In March of 2006, three men started the hedge fund Old Lane LLC. One of three, Vikram Pandit has since been named Citigroup's CEO. In 2007, Citigroup welcomed aboard Pandit with the $800 million purchase of the hedge fund. From the deal, $165 million lined Pandit's pockets. Since late in year of 2008, this fund has been out of public view.
At the end of 2007, Citi Capital Advisors managed $59 billion in high risk investments; this would include hedge funds, private equity pools, and real estate. As of February 2012, the figure has dropped to $18.9 billion. Since Citi Capital Advisors have not shared their performance details with the public since 2008, it is hard to say if the drop was derived from losses or sold assets. It would be a safe bet however to say the change came from losses, as the majority of Citigroup's hedge funds have been said to underperform.
In an interview with CNN on October 21, 2011, Mr Pandit discussed how they emerged from their 2009 collapse. "The most important thing is we're back to the basics of banking." Unfortunately for the client, the basics tend to result in high fees for the consumer and large compensation for the top executives. Thanks to the Dodd-Frank reform, shareholders get a vote on Executive pay. This reform was put into place at the time of the bail outs; the terms had to be agreed to in order to receive the TARP funds.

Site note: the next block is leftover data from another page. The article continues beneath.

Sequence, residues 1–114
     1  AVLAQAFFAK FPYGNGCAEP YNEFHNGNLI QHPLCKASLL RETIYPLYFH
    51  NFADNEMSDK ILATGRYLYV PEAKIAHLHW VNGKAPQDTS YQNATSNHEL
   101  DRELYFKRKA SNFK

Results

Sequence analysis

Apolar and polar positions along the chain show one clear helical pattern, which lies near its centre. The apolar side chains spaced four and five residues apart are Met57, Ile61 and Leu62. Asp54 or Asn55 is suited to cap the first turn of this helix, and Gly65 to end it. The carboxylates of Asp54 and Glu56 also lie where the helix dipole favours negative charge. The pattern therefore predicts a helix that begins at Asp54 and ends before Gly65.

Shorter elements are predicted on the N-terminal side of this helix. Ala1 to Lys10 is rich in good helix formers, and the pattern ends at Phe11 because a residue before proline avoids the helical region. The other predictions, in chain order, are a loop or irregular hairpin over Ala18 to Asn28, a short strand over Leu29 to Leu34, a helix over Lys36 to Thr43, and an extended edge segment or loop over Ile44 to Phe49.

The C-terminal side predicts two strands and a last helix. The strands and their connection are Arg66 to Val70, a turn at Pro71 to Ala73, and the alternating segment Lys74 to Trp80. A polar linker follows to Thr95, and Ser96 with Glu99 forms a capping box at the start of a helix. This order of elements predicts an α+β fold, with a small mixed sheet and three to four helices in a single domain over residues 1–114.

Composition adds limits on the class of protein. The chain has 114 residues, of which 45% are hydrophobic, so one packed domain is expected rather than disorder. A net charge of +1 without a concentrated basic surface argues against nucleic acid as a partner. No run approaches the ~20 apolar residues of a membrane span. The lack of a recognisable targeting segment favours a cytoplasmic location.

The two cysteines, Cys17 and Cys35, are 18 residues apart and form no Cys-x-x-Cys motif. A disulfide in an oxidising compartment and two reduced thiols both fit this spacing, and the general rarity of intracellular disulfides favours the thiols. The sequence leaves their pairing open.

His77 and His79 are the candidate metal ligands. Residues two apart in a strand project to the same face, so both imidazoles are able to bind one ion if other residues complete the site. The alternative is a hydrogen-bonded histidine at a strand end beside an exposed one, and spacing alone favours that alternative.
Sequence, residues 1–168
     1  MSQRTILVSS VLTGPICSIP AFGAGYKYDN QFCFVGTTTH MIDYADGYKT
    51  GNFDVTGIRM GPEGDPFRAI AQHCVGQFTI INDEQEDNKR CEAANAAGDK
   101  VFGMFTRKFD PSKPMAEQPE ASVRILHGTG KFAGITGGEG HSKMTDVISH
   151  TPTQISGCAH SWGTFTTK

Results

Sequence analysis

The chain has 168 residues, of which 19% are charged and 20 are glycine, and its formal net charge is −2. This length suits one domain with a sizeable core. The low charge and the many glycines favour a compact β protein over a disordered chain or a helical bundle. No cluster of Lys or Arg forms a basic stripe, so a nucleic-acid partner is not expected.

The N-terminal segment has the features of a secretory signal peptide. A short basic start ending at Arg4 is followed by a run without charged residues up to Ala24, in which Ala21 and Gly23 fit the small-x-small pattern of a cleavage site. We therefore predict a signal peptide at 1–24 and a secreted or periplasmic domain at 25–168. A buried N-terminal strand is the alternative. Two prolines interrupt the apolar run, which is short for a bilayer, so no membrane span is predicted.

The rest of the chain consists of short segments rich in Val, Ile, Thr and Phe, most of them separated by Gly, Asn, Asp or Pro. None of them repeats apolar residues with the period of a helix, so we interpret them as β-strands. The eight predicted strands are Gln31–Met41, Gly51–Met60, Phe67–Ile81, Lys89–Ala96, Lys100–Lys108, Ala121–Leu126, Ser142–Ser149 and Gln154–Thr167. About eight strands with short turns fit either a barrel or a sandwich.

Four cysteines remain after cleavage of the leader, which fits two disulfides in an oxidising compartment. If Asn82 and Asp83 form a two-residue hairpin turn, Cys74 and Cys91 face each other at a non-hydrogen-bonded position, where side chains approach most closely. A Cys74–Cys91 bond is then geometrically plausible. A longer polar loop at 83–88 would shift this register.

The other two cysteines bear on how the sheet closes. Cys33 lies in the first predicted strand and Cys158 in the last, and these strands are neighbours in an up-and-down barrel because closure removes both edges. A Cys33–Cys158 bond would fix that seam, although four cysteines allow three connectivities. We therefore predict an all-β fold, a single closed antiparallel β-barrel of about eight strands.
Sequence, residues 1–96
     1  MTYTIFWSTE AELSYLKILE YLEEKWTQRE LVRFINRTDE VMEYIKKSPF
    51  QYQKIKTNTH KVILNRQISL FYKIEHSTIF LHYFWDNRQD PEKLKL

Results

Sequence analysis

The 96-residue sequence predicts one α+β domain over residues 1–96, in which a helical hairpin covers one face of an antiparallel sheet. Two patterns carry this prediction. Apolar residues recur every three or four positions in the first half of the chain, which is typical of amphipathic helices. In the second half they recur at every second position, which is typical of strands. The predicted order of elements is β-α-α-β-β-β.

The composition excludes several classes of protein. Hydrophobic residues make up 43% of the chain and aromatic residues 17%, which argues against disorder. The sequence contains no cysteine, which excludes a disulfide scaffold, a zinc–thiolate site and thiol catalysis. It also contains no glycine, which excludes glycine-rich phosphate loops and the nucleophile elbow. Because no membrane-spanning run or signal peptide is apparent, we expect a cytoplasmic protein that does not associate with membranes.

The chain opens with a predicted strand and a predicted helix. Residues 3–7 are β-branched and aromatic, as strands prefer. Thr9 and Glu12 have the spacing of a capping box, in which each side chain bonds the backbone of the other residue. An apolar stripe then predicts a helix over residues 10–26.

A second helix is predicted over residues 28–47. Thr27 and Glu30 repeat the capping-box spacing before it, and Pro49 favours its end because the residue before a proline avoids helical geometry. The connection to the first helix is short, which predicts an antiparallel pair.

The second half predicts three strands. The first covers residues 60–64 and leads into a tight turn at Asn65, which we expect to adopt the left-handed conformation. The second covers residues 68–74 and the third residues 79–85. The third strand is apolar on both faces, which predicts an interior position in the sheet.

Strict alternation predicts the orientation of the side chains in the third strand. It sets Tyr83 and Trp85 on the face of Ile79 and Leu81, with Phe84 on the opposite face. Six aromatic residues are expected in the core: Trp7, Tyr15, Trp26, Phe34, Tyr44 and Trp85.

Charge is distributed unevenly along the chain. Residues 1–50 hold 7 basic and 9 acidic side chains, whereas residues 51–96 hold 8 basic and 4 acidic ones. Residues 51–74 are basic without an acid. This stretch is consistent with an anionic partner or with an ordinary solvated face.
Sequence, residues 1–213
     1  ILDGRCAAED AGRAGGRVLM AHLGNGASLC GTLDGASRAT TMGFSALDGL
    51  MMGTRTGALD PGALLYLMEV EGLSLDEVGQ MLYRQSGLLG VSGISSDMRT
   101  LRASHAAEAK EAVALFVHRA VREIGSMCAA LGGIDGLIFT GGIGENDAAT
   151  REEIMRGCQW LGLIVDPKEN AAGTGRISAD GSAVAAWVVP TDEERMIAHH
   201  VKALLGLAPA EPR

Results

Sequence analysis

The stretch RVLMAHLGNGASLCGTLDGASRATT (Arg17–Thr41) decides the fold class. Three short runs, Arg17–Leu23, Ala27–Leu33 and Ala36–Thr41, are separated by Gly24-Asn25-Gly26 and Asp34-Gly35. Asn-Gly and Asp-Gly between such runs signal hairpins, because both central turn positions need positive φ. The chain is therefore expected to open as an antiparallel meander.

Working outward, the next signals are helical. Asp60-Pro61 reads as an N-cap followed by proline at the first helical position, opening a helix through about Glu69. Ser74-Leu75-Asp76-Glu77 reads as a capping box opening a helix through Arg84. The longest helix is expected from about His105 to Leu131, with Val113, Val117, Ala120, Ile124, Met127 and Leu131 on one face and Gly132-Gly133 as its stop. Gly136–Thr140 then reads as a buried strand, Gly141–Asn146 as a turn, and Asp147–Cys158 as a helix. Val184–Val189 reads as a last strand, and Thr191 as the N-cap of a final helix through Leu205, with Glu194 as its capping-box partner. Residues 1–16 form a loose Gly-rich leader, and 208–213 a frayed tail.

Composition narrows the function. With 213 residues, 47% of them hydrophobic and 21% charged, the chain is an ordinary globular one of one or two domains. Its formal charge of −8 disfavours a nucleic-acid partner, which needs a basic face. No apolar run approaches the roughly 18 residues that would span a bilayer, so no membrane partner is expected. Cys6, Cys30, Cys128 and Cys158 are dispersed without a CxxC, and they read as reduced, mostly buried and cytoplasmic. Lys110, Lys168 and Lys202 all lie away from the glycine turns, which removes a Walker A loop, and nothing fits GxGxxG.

On February 20, 2009, Citigroup's stock opened at $2.20. On April 17, 2012, Citigroup's stock opened at $34.82. Based on Citigroup's performance, Vikram Pandit asked share holders for a raise. The compensation he sought was valued at $15 million. The compensation requested by Citigroup's executives was thought to be fair in their minds, as Pandit had agreed to a salary of $1 a year until the financial giant returned from red to black. Many shareholders found the request to be a bit obscene, and rejected it in a shareholder's meeting on April 17, 2012. Don't shed too many tears for Vikram Pandit; when considering the sell of his hedge fund with salary and rewards throughout all his years with citigroup, he has raked in hundreds of millions of dollars in compensation since he joined Citigroup in 2007.